McMaster University

History of
Health Care in Hamilton

Scope of Search

Influenza Hospital

Influenza Hospital

Located at 316 James Street South, just a block or two from St. Joseph's Hospital, this house became a temporary isolation hospital for influenza patients during the pandemic of 1918-1919.

"Ballinahinch", as it was called, was built in the 1850's for Aeneas Sage Kennedy, a Hamilton dry goods merchant. In 1870 the house was sold to Edward Martin, a prominent local lawyer and housed the Martin family for 46 years.

Influenza is a contagious disease caused by a virus. It attacks the respiratory tract and usually comes on suddenly. The symptoms are fever, headache, fatigue, dry cough, sore throat, nasal congestion and body aches. Influenza viruses are spread person-to-person through droplets put into the air when an infected person coughs or sneezes.

This strain was called Spanish Influenza, not because it originated in Spain but because Spain, being neutral during the first World War which was raging at that time, published uncensored reports of the pandemic. No one will ever know with absolute certainty where the illness originated. Epidemiological evidence suggests that it began in Haskell County, Kansas early in 1918. From there it travelled east to a huge army base and from there with the soldiers to Europe, North America, South America, Asia, Africa and the South Pacific.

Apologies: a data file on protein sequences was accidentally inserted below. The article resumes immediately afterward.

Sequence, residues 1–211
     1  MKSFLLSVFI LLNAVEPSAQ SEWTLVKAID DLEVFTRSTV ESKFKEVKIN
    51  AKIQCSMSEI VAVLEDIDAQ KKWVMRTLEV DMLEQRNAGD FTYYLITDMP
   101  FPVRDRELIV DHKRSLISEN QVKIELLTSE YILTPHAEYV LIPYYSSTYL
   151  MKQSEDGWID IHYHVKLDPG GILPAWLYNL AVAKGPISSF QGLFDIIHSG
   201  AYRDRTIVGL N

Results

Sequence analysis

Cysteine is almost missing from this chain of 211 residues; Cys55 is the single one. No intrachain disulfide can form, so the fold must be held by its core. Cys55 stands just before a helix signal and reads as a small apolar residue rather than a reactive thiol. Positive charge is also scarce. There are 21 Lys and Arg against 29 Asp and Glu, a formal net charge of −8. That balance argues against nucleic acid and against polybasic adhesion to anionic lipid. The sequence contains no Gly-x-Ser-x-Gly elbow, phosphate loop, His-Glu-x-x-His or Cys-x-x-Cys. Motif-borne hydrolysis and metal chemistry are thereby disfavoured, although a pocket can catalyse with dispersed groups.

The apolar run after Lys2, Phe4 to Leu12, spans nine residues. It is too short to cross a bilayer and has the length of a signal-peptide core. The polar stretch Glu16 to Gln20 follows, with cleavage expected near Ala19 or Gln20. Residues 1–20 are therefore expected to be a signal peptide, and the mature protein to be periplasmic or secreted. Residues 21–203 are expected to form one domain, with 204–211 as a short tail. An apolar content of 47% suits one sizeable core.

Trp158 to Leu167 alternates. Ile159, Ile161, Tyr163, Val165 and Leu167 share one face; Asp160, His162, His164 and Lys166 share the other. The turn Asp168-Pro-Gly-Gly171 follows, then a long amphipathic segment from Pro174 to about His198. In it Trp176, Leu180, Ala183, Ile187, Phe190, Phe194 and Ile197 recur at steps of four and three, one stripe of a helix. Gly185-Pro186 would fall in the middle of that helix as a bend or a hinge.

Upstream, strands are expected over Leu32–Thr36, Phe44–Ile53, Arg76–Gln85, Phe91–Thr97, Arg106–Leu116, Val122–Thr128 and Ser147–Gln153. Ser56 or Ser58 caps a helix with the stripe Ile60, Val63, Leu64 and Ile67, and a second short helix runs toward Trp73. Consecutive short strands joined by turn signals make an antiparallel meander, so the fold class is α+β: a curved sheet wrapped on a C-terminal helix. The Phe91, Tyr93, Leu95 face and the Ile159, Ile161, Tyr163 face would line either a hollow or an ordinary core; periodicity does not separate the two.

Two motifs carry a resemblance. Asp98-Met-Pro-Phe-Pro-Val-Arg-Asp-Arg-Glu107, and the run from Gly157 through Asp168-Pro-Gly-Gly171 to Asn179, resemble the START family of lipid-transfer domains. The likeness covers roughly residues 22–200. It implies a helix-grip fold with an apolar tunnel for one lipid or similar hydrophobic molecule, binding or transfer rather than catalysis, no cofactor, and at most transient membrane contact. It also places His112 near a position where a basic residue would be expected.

Initially it had the same symptoms as other influenzas: headache, body aches, high fever and a cough. What made it unusual was that it attacked healthy adults as opposed to the very young and the elderly, its violent progress through the body, and its mortality rate. It infected one fifth of the world's population and killed two to three percent of those infected. When it was over between twenty and forty million people worldwide had died; two to four times more people than were killed in the four years of war.

After World War I and its employ as a hospital, the house was sold to William Southam, the publisher of the Spectator. He rented it to Frederick I. Ker, another newspaperman, who succeeded him as publisher of the Spectator. After World War II, taxes rose and the house became too expensive for a single family. It was divided into apartments. In 1980 it was purchased by a firm of architects who preserved the interesting features of the house while creating several condominium apartments.